The beautiful frontage of Liverpool Lime Street as constructed in 1879

Liverpool Lime Street (Liverpool)

Liverpool Lime Street is a beautiful station, which has existed in its current form since 1879, but it has recently been restored to create a pristine connection between the trains and the city it serves.

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At a Glance

Services

Left Luggage
Travel Information Desk
First Class Lounge
Accessibility

Step Free
Misc

Terminus Station
Onward Travel

Taxi Rank
The Virgin Train from London has arrived at platform 9 The Virgin Train from London has arrived at platform 9
The access to platforms 1 - 5 The access to platforms 1 - 5
The taxi rank is within the station beside platform 10 and is accessed off the main concourse The taxi rank is within the station beside platform 10 and is accessed off the main concourse
The view from the main entrance with the platforms on the right The view from the main entrance with the platforms on the right
The two arched roofs which span the station The two arched roofs which span the station
Looking across the concourse towards platforms 1 - 5 Looking across the concourse towards platforms 1 - 5
The tantilising view from the concourse towards St Georges Hall The tantilising view from the concourse towards St Georges Hall
The opposite view towards platforms 8 - 10 The opposite view towards platforms 8 - 10

The main part of the station, which is used by all the express train services to and from Liverpool Lime Street is a terminus station, so all of its platforms (tracks) have step free access to and from the main concourse.

Though the main station building is in effect in two parts, two huge elegant arched glass roofs sit beside each other.
At the concourse end of the arch, which spans platforms (tracks) 1 – 5, are the main passenger facilities in the station including the ticket office, the food and drink outlets and the lounge for those who have 1st class tickets for the Avanti West Coast trains.

The arch which spans over platforms 6 - 10 also extends over the taxi rank, and at its concourse end, it provides a spectacular vista over the city, which is dominated by the sublime neo-classical elegance of the nearby St Georges Hall.

To the city centre:

Stepping out of Lime Street station Stepping out of Lime Street station
The steps at the front of the station lead to the city centre, but a slope is also available The steps at the front of the station lead to the city centre, but a slope is also available

Other popular destinations in the city are within the area adjacent to the station and these include, the Walker Art Gallery, the Central Library, the World Museum, the Liverpool Empire Theatre and the Royal Court Theatre.

However, the station is located on the north-east corner of the city centre, so other destinations in the city are more distant.

Liverpool Lime St’s elegance is compounded by its elevated position, but lifts (elevators) and sloping walkways link the station concourse to street level.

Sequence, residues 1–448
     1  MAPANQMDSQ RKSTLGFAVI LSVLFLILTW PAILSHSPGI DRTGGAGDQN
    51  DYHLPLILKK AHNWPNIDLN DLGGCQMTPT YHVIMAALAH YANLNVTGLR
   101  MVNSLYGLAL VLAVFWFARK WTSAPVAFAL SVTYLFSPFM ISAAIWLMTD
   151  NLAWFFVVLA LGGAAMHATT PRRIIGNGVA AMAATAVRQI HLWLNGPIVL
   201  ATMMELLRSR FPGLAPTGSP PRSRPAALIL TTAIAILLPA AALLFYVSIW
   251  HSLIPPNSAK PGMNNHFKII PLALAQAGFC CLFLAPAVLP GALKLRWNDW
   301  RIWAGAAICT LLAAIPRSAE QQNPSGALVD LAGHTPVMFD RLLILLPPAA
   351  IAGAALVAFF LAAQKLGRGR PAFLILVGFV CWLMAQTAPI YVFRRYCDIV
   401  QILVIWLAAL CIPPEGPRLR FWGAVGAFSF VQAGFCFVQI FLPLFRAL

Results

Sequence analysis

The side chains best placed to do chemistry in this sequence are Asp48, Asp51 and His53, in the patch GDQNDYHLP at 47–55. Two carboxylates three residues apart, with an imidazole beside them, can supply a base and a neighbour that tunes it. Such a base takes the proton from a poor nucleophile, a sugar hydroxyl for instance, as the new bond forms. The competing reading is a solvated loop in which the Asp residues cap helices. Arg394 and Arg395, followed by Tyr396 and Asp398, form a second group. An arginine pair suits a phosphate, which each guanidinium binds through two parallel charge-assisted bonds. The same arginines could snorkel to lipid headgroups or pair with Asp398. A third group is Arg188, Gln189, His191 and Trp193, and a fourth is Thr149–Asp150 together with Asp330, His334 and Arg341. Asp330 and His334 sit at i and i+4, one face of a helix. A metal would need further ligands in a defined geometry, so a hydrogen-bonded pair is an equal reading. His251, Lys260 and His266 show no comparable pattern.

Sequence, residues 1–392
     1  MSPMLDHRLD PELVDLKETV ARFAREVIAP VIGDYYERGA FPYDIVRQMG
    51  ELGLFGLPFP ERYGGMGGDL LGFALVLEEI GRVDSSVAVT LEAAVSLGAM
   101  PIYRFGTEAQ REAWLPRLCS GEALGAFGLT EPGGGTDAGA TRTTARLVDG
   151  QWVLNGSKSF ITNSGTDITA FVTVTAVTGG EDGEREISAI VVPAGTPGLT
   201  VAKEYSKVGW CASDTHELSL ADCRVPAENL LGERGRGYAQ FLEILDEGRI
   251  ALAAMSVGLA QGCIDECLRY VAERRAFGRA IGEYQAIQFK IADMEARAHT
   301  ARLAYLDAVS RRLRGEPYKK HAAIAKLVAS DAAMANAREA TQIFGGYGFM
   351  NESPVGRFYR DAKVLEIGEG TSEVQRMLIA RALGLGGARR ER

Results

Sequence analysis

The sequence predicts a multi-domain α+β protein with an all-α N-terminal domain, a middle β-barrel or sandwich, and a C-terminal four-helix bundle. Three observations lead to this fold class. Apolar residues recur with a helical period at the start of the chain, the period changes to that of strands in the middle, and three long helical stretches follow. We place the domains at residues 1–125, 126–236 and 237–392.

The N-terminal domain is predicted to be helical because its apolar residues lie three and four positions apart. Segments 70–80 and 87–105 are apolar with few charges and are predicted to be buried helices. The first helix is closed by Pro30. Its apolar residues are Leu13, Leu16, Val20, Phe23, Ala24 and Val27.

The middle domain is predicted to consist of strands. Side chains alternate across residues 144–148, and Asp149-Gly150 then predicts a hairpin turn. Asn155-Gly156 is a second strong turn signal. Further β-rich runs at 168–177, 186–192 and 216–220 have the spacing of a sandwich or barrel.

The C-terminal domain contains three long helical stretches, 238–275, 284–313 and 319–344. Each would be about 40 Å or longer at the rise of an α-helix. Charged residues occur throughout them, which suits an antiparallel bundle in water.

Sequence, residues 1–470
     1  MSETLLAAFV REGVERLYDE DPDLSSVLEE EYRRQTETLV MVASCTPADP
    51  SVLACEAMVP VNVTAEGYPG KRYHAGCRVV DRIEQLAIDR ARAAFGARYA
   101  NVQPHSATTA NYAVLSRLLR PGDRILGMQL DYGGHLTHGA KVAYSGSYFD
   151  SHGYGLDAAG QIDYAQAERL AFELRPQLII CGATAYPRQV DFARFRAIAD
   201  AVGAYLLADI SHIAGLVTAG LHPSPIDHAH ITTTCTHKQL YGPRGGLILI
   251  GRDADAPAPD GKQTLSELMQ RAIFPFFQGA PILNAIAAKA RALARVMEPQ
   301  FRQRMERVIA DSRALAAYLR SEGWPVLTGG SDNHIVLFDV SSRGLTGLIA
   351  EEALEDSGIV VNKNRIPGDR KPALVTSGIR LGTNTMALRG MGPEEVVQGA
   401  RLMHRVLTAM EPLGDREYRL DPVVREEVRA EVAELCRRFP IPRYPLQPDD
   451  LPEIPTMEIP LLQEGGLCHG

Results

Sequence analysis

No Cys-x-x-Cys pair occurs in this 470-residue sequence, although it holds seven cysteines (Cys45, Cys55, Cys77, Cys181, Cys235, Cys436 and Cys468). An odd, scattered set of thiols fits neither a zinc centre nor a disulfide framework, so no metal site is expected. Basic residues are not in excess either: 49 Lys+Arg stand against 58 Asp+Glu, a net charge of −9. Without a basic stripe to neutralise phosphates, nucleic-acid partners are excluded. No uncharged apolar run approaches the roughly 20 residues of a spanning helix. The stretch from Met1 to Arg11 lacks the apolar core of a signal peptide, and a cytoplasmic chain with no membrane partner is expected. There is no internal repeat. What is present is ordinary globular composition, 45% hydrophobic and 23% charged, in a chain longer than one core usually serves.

The main pedestrian route to the city centre, the waterfront and the cathedrals leads off to the left down Lime Street.

Once on Lime Street, for the Roman Catholic cathedral turn left on to Brownlow Hill, but for the Anglican cathedral go straight ahead on to Renshaw Street.

Turn to the right and head down Ranleagh and Hannover Streets for the waterfront attractions including the Albert Dock, The Beatles Story and The Museum of Liverpool.

Or take the Merseyrail trains to the waterfront - see below.

Taking a Merseyrail train:

The entrance to the part of the station used by the Merseyrail trains The entrance to the part of the station used by the Merseyrail trains

The main concourse isn’t the only part of Lime Steeet station used by trains, as the local Merseyrail trains on its Green Line (Wirral Line) call at platforms that are underground.

All trains from these below ground level platforms call at James Street station, which is adjacent to the Liverpool Waterfront.
So if you’re heading to this part of the city, taking the train to James Street is an alternative to a 15 – 20 min walk.
These 'Green Line' trains also link Lime Street station to destinations on the opposite bank of The Mersey including Birkenhead, Port Sunlight and New Brighton.

Connect at Liverpool Central station for trains on the MerseyRail 'Blue Line', which connects central Liverpool to destinations to the north including Aintree, Bootle, Crosby and Southport .
Blundellsands & Crosby station gives the easiest to the Another Place statues on the beach.

The Merseyrail isn’t a separate metro system, so an option is to book a ticket to James Street or the other stations, that’s valid from the station where you will be commencing your journey to central Liverpool.

Escalators link the Merseyrail part of Lime Street to the main concourse and there is also an elevator, on the main concourse you’ll find it between the WH Smith and Boots stores.

Long-distance train service summary:

Train Operating Company:

Destinations:

Avanti West Coast

London via Milton Keynes

West Midlands Railway

London via Birmingham, Coventry, Northampton and Milton Keynes

Trans Pennine Express

(1) Edinburgh via Manchester Victoria, Leeds and York and Durham and Newcastle 
2) Scarborough via Manchester Victoria, Leeds and York
(3) Glasgow via Lancaster, Oxenholme-Lake District; Penrith-North Lakes and Carlisle

Northern

(1) Blackpool via Preston
(2) Manchester Airport via Manchester Oxford Road and Manchester Piccadilly

East Midland Trains

Norwich via Manchester Oxford Road, Manchester Piccadilly, Sheffield, Nottingham, Peterborough and Ely

Transport For Wales

Chester (a quicker route than taking the Merseyrail trains)

Journeys

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Journeys to Liverpool Lime Street
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